The PvRGLs discovered in this study correspond to most of the 25 previous common bean R genes or RGAs in the PRGdb database . PvRGL266 and PvRGL275 have strong hits to the P. vulgaris TL5601 disease resistance protein gene with amino acid identity of 90% and 85%, respectively. TL5601, located in the I locus of common bean, controls resistance to Bean Common Mosaic Virus . PvRGL262 matched to coiled-coil NBS-LRR (CNL)-B11 with amino acid identity of 94%. CNL-B11 was mapped in the B4 R gene cluster which contained at least three R genes (Co-9, Co-y, and Co-z) and QTL effective against anthracnose, and Bean golden yellow mosaic virus [55, 56]. PvRGL309 was a part of polygalacturonase-inhibiting protein (PGIP) gene. PGIP can inhibit fungal endopolygalacturonases and is considered to be an important factor for plant resistance to phytopathogenic fungi . PvRGL294 was the same as, but much longer in the 5' end than the previous RGL SB3 and OB9 .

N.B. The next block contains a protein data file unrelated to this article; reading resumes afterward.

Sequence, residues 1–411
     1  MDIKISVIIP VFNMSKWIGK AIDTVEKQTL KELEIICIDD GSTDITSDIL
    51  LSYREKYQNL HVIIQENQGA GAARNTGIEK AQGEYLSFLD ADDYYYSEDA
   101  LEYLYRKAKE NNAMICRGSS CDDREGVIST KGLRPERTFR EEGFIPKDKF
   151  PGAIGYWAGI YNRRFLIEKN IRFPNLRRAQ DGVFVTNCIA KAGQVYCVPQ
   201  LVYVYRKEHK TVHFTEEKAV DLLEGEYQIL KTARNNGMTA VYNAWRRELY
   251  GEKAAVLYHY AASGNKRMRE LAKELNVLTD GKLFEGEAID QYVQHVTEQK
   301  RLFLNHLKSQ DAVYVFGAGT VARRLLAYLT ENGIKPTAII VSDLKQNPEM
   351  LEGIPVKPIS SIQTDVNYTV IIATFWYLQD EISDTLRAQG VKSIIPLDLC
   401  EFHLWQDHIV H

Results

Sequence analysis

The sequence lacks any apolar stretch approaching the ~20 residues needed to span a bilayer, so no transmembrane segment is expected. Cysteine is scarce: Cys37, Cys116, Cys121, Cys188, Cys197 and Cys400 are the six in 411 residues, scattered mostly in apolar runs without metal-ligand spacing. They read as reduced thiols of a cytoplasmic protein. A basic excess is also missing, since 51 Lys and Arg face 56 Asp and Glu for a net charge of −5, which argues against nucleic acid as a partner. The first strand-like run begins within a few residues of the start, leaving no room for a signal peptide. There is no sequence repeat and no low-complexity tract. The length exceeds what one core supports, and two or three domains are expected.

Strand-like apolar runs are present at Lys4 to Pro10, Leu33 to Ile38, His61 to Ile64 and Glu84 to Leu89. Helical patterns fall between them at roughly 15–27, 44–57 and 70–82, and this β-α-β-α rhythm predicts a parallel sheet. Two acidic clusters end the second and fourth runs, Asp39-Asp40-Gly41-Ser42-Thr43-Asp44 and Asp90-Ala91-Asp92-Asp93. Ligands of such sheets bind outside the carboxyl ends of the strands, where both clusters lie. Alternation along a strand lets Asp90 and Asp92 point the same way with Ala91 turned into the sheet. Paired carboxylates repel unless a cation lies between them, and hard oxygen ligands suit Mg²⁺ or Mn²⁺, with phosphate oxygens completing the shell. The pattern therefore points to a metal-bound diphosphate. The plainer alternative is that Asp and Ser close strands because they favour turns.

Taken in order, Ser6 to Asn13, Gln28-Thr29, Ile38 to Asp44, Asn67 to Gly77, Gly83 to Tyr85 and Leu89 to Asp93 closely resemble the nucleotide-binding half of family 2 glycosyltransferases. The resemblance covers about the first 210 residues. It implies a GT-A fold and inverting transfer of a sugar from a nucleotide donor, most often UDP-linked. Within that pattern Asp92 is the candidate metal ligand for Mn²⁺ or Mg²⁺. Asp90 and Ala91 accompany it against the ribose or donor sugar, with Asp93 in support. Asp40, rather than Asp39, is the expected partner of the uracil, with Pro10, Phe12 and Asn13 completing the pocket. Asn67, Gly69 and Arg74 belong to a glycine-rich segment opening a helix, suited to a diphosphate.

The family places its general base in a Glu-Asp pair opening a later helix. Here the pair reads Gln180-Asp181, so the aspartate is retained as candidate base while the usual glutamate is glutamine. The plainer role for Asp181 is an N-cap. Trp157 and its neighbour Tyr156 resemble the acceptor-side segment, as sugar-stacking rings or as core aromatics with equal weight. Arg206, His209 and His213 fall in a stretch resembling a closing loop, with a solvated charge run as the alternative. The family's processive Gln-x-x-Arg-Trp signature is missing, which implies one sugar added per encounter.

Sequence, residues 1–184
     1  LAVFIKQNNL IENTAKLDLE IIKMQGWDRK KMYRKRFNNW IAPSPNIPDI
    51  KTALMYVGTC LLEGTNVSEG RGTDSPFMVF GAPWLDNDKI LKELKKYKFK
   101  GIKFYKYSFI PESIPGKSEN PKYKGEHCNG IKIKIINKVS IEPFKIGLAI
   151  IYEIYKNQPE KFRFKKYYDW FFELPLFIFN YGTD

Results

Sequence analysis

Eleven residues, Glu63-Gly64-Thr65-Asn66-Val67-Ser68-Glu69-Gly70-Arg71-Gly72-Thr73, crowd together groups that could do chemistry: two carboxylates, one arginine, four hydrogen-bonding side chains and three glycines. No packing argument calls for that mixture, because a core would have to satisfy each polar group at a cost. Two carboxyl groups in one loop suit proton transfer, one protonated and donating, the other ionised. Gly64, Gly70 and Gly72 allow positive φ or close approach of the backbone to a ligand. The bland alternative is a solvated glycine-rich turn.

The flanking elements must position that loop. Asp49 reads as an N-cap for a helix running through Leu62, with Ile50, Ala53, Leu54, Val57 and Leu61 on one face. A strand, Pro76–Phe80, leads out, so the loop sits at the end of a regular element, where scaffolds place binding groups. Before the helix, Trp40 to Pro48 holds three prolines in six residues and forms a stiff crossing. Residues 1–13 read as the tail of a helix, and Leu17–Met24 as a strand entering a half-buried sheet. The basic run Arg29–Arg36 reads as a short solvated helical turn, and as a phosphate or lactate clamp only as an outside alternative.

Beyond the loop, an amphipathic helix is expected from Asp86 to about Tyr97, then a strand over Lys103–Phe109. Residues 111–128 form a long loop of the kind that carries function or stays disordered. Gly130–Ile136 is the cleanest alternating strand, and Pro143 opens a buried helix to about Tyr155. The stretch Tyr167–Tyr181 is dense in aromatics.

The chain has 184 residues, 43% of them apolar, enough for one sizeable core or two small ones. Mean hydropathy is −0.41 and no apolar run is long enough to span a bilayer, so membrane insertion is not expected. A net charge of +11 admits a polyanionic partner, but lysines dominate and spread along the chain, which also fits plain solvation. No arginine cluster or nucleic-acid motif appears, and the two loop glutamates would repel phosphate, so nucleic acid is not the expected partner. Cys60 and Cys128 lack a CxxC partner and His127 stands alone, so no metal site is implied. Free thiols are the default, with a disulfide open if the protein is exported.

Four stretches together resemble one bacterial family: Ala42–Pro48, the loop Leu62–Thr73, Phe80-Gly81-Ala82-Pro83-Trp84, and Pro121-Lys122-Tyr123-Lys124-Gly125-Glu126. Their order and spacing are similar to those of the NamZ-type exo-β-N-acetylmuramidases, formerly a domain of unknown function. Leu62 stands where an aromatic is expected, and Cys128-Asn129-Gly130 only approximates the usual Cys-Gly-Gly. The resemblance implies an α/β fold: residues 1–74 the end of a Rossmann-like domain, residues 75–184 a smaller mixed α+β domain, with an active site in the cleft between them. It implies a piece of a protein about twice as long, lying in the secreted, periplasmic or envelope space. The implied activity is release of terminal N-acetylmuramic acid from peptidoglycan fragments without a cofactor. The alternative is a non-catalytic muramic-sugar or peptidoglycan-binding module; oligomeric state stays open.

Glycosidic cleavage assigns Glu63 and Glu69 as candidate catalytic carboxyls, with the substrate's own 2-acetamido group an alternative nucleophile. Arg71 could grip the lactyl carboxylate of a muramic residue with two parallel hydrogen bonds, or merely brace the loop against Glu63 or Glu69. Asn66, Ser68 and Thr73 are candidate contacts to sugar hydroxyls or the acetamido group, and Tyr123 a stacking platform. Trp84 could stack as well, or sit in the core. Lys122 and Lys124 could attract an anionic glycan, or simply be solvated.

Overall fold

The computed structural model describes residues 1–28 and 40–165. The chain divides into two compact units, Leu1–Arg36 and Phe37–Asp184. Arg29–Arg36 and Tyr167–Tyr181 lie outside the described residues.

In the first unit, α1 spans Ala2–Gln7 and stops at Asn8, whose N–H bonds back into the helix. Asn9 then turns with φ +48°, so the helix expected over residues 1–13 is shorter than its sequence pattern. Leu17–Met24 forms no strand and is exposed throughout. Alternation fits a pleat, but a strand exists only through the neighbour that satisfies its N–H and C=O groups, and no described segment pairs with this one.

So far, most of the known R genes have been cloned by map-based cloning and transposon tagging approaches . Therefore, mapping RGLs and RGAs to genomes and/or genetic maps is very important and will facilitate R gene cloning. In this study, 105 PvRGLs could be integrated into the common bean FPC physical map by comparison of PvRGLs to P. vulgaris BAC-end sequences. Additionally, we were able to anchor 237 PvRGLs to the common bean genetic map by using conserved syntenic blocks between common bean and soybean. The PvRGLs are broadly, but unevenly distributed among the 11 linkage groups of common bean with a strong tendency of clustering. For example, 41 PvRGLs, the largest number, were mapped to Pv8, while 17 of them clustered at the bottom of Pv8. David et al. (2008) also found that many specific R genes against various pathogens cluster together: for example, in the B4 resistance gene cluster, 73 BAC clones (FI159954 - FI160067) were identified by using a NBS probe PRLJ1 to screen a common bean BAC library . In the present study, PvRGL173 was anchored at the top of Pv4 by in silico mapping. Meanwhile, PvRGL173 shows high similarity (92.56% and 96.79%) with BAC-end sequence FI160023 (5e-153) and FI159996 (1e-101), respectively. PvRGL173 should be located in the B4 resistance gene cluster. The B4 resistance gene cluster contains various R genes resistant to different pathogens, such as Colletotrichum lindemuthianum (anthracnose), Uromyces appendiculatus (rust), and Pseudomonas syringae pv. phaseolicola (halo blight), in addition to QTLs for resistance to BGYMV and anthracnose; therefore further work will be needed to determine the role of PvRGL173. In Medicago, two superclusters of disease resistance genes were identified. One is located at the top of Mt3 containing 73 CNL and 9 TNL encoding sequences. The other is located at the bottom of Mt6 containing 57 TNL encoding sequences . Clustering of R genes facilitates the genetic variation of R genes and benefits in the evolution of new R genes. Bertioli et al. found that retrotransposons were associated with the evolution of some resistance gene clusters via analysis of the synteny among Arachis, Lotus, and Medicago . Several other hypotheses such as duplication, gene conversion, and unequal crossing-over have been proposed to elucidate R gene cluster and evolution [1, 38]. Therefore, further studies will be needed to better understand common bean R gene evolution.